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Uh oh, I’m at it again, comparing various dramatized versions of a story to the novel that was the original source material. (See the post below, dated Feb. 12, 2012, on War Horse.) This is always instructive, a great tutorial in dramatic structure. This time I’m tackling Cabaret.

I started with the book of the musical, then decided to go back to Christopher Isherwood’s The Berlin Stories , the piece of fiction that started it all. After that, I read the straight play I Am a Camera by playwright John Van Druten, an interim version that preceded the musical, also based on Isherwood’s stories. To make this sleuthing project even more confusing, each version of the musical Cabaret that’s been produced – the film and all the various stage productions – has revised the book. I concentrated on the book written for the 1990s revival starring Alan Cumming as the Emcee.

So what are some of the oh-so-instructive changes? Isherwood’s stories are a memoir of his time in Berlin in the years leading up to WWII, and are portraits of the people he met there. The stories are linked, but episodic. One story, for instance, is about the irrepressible Sally Bowles, who transferred easily and memorably to the stage. But of course Cabaret had to combine the characters into one story and give that story a single dramatic arc. To dramatize the issue of the encroaching Nazi threat, for instance, the musical created an entirely new character, Ernst Ludwig, who is (spoiler alert) a Nazi, the threat personified.

It also created a romance between the owner of the boarding house and a new character, a Jewish grocer, who courts her and proposes. That gives the story a very pointed dramatic tension – will she, a Gentile, marry a Jew at a time when the political winds are shifting and Jews are increasingly being targeted? What happens when a rock is thrown through the window of his grocery? Or when their engagement party is disrupted by the Nazi guests who object to their mixed marriage? These new plot turns help focus the story.

The musical also, very shrewdly, took some of the nightlife settings in the stories and made them a principle setting. With Sally Bowles installed as a singer at the Kit Kat Klub, the role of the Emcee took center stage. The cabaret numbers serve a dual purpose. They contrast the freewheeling sexuality of 1930s Berlin nightlife with the encroaching nooselike strictures of Nazism. And, very cleverly, they also comment directly on the action of the play.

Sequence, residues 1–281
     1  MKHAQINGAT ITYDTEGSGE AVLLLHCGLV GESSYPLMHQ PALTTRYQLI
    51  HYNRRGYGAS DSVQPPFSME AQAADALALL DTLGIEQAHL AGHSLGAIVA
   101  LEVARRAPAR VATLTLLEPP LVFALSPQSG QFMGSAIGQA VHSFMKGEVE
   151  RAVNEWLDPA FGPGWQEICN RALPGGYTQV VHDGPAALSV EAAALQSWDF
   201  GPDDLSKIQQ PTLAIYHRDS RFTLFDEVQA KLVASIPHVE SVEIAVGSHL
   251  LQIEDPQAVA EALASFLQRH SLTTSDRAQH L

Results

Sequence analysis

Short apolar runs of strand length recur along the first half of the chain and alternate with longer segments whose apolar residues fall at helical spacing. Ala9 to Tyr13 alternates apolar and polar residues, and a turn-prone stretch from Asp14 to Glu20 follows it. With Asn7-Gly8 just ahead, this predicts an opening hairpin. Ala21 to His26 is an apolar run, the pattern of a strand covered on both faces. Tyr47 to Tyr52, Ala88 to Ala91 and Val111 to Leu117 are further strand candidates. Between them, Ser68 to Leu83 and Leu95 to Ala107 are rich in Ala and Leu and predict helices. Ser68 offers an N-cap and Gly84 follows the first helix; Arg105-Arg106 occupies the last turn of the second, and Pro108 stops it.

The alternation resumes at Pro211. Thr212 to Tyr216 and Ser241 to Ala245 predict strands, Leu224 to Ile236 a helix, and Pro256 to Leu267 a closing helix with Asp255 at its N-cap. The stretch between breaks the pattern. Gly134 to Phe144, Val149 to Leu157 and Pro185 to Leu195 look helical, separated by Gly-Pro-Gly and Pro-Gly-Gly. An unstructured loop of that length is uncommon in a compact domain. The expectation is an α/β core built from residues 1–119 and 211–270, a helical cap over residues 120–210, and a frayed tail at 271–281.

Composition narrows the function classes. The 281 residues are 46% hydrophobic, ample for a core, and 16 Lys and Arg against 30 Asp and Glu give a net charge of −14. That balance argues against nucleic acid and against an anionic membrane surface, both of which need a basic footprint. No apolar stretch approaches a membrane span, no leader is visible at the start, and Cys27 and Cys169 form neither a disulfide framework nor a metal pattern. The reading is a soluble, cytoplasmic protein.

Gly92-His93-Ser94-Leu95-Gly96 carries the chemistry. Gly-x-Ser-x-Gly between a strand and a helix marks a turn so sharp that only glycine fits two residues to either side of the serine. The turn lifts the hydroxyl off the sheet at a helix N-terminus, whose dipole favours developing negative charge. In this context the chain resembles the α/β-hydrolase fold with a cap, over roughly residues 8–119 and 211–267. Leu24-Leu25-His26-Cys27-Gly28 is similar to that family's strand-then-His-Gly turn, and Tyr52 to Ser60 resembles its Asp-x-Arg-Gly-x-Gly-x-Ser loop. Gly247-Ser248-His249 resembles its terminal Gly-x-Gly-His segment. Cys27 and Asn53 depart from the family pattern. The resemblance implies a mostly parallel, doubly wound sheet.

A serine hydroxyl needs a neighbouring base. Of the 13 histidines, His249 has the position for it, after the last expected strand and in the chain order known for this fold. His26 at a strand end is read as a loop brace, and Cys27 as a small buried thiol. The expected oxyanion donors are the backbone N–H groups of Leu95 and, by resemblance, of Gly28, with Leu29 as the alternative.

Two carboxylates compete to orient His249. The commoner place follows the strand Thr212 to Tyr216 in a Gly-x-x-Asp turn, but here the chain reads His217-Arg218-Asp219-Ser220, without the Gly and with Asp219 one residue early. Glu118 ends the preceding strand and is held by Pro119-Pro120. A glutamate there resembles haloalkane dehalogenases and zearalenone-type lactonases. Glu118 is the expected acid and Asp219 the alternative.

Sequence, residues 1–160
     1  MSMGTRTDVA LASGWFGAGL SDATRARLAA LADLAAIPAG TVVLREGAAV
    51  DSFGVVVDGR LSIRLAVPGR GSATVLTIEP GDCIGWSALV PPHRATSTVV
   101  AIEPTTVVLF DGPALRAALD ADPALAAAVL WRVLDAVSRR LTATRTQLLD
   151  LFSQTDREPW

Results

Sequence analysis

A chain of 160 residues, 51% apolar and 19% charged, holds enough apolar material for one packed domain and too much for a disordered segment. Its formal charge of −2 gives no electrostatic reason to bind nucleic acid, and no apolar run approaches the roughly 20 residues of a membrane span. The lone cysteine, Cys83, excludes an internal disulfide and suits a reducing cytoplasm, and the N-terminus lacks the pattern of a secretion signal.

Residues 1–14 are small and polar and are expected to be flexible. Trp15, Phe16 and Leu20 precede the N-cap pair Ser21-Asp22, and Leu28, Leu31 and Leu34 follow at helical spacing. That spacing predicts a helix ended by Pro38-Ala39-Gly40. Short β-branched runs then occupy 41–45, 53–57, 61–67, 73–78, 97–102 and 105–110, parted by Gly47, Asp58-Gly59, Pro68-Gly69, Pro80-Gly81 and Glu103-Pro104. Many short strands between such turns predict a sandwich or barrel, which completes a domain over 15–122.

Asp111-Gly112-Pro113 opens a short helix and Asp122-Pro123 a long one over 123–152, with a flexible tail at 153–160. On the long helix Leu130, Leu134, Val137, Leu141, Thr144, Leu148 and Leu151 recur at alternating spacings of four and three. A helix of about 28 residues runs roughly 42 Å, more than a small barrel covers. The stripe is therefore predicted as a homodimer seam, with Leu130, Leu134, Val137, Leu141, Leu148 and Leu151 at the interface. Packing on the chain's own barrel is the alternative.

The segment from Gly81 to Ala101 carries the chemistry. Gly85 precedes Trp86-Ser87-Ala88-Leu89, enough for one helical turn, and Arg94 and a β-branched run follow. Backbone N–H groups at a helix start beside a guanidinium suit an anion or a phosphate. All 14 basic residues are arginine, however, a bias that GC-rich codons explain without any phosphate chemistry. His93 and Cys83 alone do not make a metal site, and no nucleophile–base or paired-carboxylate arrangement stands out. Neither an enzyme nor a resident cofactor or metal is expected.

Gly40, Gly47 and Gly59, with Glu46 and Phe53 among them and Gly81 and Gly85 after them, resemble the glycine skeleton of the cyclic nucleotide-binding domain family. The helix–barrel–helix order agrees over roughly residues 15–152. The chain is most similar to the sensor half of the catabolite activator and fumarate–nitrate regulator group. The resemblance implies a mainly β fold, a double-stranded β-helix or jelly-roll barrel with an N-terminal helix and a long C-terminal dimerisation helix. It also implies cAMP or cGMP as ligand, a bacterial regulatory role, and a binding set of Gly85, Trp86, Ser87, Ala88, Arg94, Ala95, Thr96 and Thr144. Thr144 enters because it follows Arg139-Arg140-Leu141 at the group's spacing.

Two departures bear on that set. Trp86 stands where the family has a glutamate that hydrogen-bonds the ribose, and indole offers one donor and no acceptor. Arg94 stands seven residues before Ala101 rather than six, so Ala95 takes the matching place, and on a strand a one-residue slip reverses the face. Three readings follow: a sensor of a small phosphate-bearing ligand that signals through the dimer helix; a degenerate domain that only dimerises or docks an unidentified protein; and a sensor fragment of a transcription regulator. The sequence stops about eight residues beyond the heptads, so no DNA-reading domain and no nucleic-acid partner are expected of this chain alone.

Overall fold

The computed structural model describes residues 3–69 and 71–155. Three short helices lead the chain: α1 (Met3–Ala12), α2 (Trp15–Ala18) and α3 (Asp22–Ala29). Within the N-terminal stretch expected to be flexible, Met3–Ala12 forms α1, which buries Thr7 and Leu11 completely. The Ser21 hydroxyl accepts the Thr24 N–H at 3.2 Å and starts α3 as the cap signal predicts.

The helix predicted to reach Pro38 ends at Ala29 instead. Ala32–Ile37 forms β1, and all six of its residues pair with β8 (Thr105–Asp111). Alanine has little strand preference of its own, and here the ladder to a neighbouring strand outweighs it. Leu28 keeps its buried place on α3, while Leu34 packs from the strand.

Life is seldom neatly dramatic. When crafting a story arc, the details have to be shaped. And I do find it instructive to look at material originally written for the page, material that is perhaps a bit more meandering, and examine how that material was adapted in scripts for the screen or the stage, rendering it even more dramatic. Read More 

Books to Film: Lessons in Dramatic Structure

When working on a draft of a novel, I always find some sections that feel mushy, ones in which there needs to be more forward movement, a tighter structure. That’s when I ask myself WWHD? Or, What Would Hollywood Do? Well, not Hollywood exactly; I’m not a car-chase kinda writer. But I ask myself, What would a screenwriter do? I imagine some no-nonsense screenwriter taking his or her red pen to my novel: Cut this. Combine these 2 characters. Build in some urgency. Condense the time. What are the stakes? Make them higher! Is the protagonist active? Does he/she change? Is the climax in the hands of the protagonist?

Of course, in the early drafts, before I'm working with an actual editor, I’m the one who has to come up with the specific ideas of how to rewrite. But in some perverse way it’s easier for me to do if I make an appeal to this ruthless, fictional screenwriter who's schooled in dramatic structure.

One fun exercise is to read a book, then watch the film made from the book and analyze the differences. What did the screenplay change? Recently, I saw the film of War Horse. Though the film adheres closely to the book, I was interested to note some changes. Here are two I found instructive:

• In the book, there are some vague allusions to the fact that the father needs to make more money to support his family. The film, however, heightens the threat by making it much more immediate – the family may lose their house! The film added a new character, the landlord, who personifies the threat. He visits the house and tells the family he’s going to throw them out if they can’t pay the rent by a specific day. Thus, the screenplay ups the stakes so that what's at stake is now specific and concrete – the house. It also introduces urgency by confining the time. Pay the rent by this specific day – or else!

• The film also heightens the very moving scene near the end of the long, grueling war in which two soldiers from opposite trenches climb out to free Joey, the horse. The scene in the book is already quite cinematic, with Joey running wildly through the no-man’s land between the trenches. But the movie takes the scene a step further: Joey is now tangled in barbed wire, so the soldiers have to work together to cut him out. This gives the soldiers a specific task to accomplish, and illustrates another writing principle: give your characters something active to do, always a much better strategy than having them stand around discussing an abstract goal. The scene was made that much more poignant, and the result? I was profoundly moved; the tears flowed freely. Read More